POLITICS

Elizabeth May On Electoral Reform: PM Threw 'Young Women Cabinet Ministers Under The Bus'

02/01/2017 06:40 EST | Updated 02/02/2017 08:51 EST

Green Party Leader Elizabeth May feels “betrayed” by the government’s decision to abandon its electoral reform promise, and has criticized the prime minister for throwing “two young women cabinet ministers under the bus” in the process.

The Saanich-Gulf Islands MP made the comments to reporters in the House of Commons foyer Wednesday, shortly after Democratic Institutions Minister Karina Gould confirmed the Liberals will break one of their marquee election pledges.

“I have to say as a woman leader of a federal political party in this country, I am deeply ashamed that our feminist prime minister threw two young women cabinet ministers under the bus on a key election promise, that he left them twisting in the wind and not fulfilling,” she said.

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Karina Gould (right) replaced Maryam Monsef as democratic institutions minister in January. (Photo: Reuters/The Canadian Press)

May referenced Gould, who replaced Maryam Monsef as democratic institutions minister after a January cabinet shuffle. Monsef was moved to Status of Women. Both are rookie MPs.

A member of the special committee on electoral reform tasked to study alternate voting systems to replace the current first-past-the-post system, May said her disappointment over the Liberal decision eclipses what she felt after Canada pulled out of the Kyoto protocol in 2011.

“I always knew Stephen Harper didn’t like Kyoto. I always knew Stephen Harper would do everything possible to destroy climate action. I never for one moment expected anything but the worst for the environment,” she said.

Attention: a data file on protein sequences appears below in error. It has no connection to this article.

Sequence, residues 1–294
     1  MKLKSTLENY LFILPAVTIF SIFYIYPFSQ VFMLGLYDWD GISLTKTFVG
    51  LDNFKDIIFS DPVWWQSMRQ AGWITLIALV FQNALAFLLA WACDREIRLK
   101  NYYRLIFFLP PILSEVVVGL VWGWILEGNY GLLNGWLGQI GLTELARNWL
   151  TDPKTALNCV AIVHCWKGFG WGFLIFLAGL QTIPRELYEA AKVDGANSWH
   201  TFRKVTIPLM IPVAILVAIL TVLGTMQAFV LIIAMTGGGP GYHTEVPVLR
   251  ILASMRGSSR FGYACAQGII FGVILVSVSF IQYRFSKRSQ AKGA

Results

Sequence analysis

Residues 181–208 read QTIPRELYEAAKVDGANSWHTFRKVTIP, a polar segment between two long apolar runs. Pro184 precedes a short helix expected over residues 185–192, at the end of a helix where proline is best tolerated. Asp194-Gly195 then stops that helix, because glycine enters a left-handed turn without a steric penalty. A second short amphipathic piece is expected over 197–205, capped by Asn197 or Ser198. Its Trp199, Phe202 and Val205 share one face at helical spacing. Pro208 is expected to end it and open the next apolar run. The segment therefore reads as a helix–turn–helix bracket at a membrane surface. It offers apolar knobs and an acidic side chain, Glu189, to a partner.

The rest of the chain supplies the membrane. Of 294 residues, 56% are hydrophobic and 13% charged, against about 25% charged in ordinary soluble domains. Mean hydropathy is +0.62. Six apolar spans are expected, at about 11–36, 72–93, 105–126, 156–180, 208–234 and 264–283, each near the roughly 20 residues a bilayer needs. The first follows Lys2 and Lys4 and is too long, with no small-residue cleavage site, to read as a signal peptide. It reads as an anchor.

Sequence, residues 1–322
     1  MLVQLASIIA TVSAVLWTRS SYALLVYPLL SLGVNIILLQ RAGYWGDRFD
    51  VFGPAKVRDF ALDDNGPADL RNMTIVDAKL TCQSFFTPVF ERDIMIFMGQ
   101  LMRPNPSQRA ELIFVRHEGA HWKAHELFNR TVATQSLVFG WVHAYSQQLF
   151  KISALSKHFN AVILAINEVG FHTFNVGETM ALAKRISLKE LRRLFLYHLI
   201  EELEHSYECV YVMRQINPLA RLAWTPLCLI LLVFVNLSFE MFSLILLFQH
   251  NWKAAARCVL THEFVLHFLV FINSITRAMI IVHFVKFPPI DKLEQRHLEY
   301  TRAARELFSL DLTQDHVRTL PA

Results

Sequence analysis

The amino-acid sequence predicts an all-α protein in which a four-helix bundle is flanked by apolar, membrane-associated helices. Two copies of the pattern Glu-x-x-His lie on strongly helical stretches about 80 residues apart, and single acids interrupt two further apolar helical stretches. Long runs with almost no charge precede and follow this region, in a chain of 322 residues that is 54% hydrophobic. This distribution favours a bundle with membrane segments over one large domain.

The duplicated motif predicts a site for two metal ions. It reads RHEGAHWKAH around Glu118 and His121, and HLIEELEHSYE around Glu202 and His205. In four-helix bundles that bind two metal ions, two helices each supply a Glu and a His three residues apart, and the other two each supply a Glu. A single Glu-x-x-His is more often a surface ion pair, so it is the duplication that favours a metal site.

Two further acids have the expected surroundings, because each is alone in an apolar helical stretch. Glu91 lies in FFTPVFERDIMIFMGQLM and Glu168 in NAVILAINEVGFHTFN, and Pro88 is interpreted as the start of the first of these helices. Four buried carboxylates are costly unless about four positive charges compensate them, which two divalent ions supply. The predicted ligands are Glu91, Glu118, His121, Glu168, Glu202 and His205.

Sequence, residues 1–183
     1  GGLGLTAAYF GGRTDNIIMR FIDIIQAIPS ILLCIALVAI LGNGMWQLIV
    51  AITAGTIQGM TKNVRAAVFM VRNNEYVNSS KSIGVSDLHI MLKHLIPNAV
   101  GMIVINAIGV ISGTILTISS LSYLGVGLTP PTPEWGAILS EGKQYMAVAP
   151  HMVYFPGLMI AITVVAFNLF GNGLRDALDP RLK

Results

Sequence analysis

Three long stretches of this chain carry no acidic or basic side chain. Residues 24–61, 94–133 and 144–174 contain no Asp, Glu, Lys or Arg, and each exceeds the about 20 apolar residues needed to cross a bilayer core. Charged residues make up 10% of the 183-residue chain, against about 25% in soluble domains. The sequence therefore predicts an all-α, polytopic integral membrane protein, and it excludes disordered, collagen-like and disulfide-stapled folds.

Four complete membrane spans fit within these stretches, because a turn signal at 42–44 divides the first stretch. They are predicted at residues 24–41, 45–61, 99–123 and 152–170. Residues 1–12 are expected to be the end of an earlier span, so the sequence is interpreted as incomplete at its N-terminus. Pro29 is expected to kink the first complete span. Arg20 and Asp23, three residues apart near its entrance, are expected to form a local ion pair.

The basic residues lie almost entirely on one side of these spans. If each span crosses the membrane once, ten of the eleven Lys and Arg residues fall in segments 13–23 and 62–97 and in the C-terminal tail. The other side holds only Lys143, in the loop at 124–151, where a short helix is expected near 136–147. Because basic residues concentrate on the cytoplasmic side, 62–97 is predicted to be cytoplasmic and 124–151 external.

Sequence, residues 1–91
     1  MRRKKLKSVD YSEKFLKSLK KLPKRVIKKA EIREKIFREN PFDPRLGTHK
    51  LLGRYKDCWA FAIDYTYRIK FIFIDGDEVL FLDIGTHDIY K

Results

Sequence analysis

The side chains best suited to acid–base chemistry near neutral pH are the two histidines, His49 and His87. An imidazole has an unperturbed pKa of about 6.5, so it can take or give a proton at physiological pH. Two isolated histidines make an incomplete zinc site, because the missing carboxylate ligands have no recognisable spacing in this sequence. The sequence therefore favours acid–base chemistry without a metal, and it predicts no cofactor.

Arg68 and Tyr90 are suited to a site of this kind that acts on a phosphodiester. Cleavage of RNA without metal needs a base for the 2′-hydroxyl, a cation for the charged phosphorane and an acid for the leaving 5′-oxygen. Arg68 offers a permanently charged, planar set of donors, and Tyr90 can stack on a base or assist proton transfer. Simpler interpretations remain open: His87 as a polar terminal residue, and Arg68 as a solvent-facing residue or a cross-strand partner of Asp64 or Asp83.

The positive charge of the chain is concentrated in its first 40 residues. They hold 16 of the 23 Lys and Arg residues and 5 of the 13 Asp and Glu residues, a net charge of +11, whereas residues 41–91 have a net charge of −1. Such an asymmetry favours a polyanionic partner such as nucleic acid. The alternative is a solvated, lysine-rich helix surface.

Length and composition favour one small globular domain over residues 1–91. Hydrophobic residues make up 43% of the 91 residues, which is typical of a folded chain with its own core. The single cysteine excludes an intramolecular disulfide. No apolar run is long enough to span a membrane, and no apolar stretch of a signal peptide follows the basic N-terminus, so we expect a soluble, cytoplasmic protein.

“That’s why I left the Sierra Club and ran for leader of the Green Party. It was never a betrayal when Stephen Harper did the very worst thing. But when you believe in someone and they let you down. That’s much harder.”

‘We are in a time of dangerous politics’

She touched on the possible repercussions the decision would have on young people — particularly the election canvassers who got out the vote in 2015, repeating the Liberal pledge that the election would be the last under first-past-the-post.

“And with Le Pen and Trump, you look around the world,” she said. “We are in a time of dangerous politics. You must never do anything as a politician who understands what’s at stake, you must never do anything that feeds cynicism.

“Cynicism has enough to feed itself.”

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Elizabeth May speaks to reporters in the House of Commons foyer on Feb. 1. (Photo: Catherine Levesque/HuffPost Quebec)

Katelynn Northam, Leadnow’s electoral reform campaign lead, says the advocacy group is “profoundly disappointed and shocked” by the Liberal announcement. The group builds campaigns for ways for people to “participate effectively in our democracy,” according to its website.

Tens of thousands of people showed up across the country at town hall events hosted on the topic of electoral reform last year. After the consultation process wrapped, a special committee tabled a report in December noting a majority of Canadians are in favour of a proportional representation.

“We believe that there was a way forward on this issue, and the government chose not to take it.”
—Katelynn Northam, Leadnow

Leadnow isn’t convinced by the government’s claim that there’s no national consensus on how to move ahead with electoral reform.

“The all-party committee also recommended it. We believe that there was a way forward on this issue, and the government chose not to take it,” Northam said in an email to The Huffington Post Canada.

Trudeau responds

May stood in question period and pressed the Liberals on why they failed to be clear about an apparent caveat that a national consensus was needed for them to make good on a key election promise.

She mentioned how the promise was repeated in the Speech from the Throne, and reiterated to the special committee on electoral reform as its goal.


Trudeau responded by repeating much of the same language Gould used with reporters earlier: that there’s no national consensus on the topic of transforming the country’s electoral system, and that referendum on the issue would not be appropriate.

“Quite frankly, a divisive referendum at this time, an augmentation of extremist voices in the House, is not what is in the best interest of Canada,” he said.

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